The pièce de résistance arrived last, a whole deep-fried pork leg, “crispy pata”. Oh boy. We were so perplexed on how to tackle it that our server took it to the back to cut it for us. We must have been really obvious! Delicious! Not one bit of this was healthy at all, but mmm, you can’t go wrong with a deep-fried pork leg! Similar seasoning as the deep-fried pork belly of the Bicol Express, but clearly less fat.
While Jody and I were humming and hawing away through dinner, the restaurant filled up just as quickly as it emptied thereafter. Most were Filipinos, which is always a good sign. I’ve read that as a culture they don’t dine out as much, preferring to have homecooked meals and hosting big family dinners instead. Lots of take-out orders as well. Seemed like almost every table ordered the crispy pata, a family favorite!
I’d like to think we ate at least half of what we ordered but that’s an exaggeration. There was a lot of leftovers for the both of us! That didn’t stop Jody from wanting to try the Halo-Halo though, a dessert of shaved ice, evaporated milk, green beans, sweet potato, and taro ice cream. There’s a good reason why the direct translation means “mix-mix”. Not entirely new to me, as Vietnamese desserts are quite similar with a mix of ice, evaporated mix, a jello or tapioca of sorts, and green bean, but the sweet potato really threw me for a loop. It looked beautiful though, served in a to go cup, probably a hint to us that we ordered too much! The dessert was not overly sweet, creamy, and bits of perfectly cooked sweet potato actually turned out really well! The taro ice cream was a great top off and this was a great way to end our meal. Good call Jody.
We were so engrossed with the dessert and chatting that by the time we were done, we realized we were the last table there. They close at 8pm, and we were there well pass the time and nobody had told us! Our server was so kind and super helpful. Service was excellent as she regular checked up on our table. An open kitchen showed us their clean up for the night. Thank you for the great hospitality Manila Grill Express!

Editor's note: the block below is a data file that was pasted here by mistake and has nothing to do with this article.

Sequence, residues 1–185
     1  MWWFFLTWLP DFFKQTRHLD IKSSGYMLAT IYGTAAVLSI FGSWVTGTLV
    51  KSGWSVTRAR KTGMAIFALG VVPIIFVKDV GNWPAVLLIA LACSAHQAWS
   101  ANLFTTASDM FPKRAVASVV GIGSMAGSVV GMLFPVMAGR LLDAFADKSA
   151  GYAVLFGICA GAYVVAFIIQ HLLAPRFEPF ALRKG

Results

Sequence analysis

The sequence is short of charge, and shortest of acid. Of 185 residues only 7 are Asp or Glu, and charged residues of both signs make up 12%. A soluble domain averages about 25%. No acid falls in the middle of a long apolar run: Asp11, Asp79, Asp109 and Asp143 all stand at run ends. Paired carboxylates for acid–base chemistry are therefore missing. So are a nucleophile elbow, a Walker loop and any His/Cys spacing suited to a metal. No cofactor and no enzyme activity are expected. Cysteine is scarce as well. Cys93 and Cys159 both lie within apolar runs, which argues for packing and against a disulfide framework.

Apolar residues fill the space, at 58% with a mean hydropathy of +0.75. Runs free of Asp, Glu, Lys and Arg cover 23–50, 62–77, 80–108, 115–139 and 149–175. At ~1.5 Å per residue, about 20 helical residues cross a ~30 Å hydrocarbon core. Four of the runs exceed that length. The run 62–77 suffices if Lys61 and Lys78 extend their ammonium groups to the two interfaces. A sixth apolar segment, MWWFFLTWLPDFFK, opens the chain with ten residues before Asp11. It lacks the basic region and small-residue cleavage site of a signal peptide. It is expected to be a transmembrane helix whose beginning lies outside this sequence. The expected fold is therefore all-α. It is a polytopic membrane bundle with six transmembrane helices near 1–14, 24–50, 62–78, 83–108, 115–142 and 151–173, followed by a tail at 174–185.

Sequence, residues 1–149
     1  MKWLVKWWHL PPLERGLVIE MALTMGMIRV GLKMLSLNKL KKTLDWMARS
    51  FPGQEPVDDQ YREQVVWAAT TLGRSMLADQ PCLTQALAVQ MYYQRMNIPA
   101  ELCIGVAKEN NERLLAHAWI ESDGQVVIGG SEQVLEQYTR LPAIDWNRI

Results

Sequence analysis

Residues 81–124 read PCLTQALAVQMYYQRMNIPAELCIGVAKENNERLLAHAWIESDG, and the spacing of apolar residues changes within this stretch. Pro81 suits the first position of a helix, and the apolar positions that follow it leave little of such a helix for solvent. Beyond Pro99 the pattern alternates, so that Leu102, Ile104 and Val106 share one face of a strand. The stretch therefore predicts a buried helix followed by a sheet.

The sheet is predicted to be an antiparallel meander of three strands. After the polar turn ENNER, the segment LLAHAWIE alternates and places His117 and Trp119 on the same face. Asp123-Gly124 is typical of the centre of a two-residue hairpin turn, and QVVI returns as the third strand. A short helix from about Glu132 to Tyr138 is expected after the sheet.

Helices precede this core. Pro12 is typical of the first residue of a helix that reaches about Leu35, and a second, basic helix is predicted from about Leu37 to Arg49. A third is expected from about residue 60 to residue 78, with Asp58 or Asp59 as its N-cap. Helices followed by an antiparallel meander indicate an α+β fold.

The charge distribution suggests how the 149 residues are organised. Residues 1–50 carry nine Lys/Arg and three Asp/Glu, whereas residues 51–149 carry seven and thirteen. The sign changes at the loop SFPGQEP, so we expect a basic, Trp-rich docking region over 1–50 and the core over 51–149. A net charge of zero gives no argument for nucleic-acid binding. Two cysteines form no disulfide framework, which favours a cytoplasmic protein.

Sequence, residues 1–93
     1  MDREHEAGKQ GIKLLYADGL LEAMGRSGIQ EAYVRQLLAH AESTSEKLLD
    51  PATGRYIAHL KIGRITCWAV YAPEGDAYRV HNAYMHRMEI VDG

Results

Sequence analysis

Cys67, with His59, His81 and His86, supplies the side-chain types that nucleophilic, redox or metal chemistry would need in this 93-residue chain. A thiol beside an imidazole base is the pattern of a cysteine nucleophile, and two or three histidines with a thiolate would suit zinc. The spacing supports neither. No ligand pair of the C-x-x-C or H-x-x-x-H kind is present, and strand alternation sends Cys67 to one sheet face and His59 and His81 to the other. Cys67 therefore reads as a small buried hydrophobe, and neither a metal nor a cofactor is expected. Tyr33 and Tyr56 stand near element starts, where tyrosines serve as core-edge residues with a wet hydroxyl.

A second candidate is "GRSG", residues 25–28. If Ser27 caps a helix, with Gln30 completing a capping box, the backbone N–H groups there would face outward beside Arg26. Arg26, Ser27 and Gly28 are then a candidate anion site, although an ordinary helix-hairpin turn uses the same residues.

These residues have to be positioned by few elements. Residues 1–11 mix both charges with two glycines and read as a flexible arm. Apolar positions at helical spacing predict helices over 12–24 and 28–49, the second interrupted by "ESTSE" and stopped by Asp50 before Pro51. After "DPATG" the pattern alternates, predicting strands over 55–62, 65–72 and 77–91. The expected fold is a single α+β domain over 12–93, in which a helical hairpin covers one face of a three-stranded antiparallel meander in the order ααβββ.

Overall impression? Filipino cuisine is quite simple, they like meat, it’s not spicy like Thai food, and they do not use chopsticks. You learn so much from eating new things! Would I return? Most definitely. That Bicol Express was delicious and the grilled pork easily rivals their Vietnamese counterparts. And you can’t forget the deep-fried pork, although the leg should probably be saved for tables more than 2. I will definitely be back, with either Joe or my family in tow. From what I know, there’s only a handful of Filipino eats in Edmonton: Filistix fusion at the UofA (sadly past my time on campus and I haven’t tried yet), Rolymie Bakery (Millwoods), Summerside Grill (Ellerslie), Fat Jakks (near Chinatown), Pinoy Grill (near Callingwood), and Palabok House (near Southgate). I’ve got a long way to go before I can say I know what Filipino food is, but at least I got a good start at Manila Grill Express! What do you think Edmonton? Am I missing out big time here?Manila Grill Express
13905 127 St NW
3 thoughts on “Manila Grill Express”
BEST HALO HALO in edmonton is at EMPANADA grocery along 149 st. It is a small filipino grocery store but they also offer a few filipino comfort food (they only have 2 tables for grocers get hungry). They usually offer HALO HALO during summer so it’s a good idea to call first before you go.. They also offer PANSIT, and other glutinous rice (FOR THE DAY) located at the bread section. Try also their EMPANADAS.
Thanks Jette! Will have to try soon!
also Panceteria de Manila by Canada place and Manila Bay restaurant in North Edmonton Common by the Cineplex Odeon theatre are great Philippine restaurants!